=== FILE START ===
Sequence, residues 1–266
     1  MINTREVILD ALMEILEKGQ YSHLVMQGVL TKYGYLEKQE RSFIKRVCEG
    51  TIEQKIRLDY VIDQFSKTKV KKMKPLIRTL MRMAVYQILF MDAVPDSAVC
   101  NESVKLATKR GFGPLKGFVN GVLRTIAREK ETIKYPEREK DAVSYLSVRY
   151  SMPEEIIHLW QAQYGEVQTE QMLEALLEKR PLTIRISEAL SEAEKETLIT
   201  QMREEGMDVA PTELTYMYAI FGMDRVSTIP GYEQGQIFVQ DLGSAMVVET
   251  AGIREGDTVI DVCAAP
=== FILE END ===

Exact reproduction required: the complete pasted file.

Sequence, residues 1–266
     1  MINTREVILD ALMEILEKGQ YSHLVMQGVL TKYGYLEKQE RSFIKRVCEG
    51  TIEQKIRLDY VIDQFSKTKV KKMKPLIRTL MRMAVYQILF MDAVPDSAVC
   101  NESVKLATKR GFGPLKGFVN GVLRTIAREK ETIKYPEREK DAVSYLSVRY
   151  SMPEEIIHLW QAQYGEVQTE QMLEALLEKR PLTIRISEAL SEAEKETLIT
   201  QMREEGMDVA PTELTYMYAI FGMDRVSTIP GYEQGQIFVQ DLGSAMVVET
   251  AGIREGDTVI DVCAAP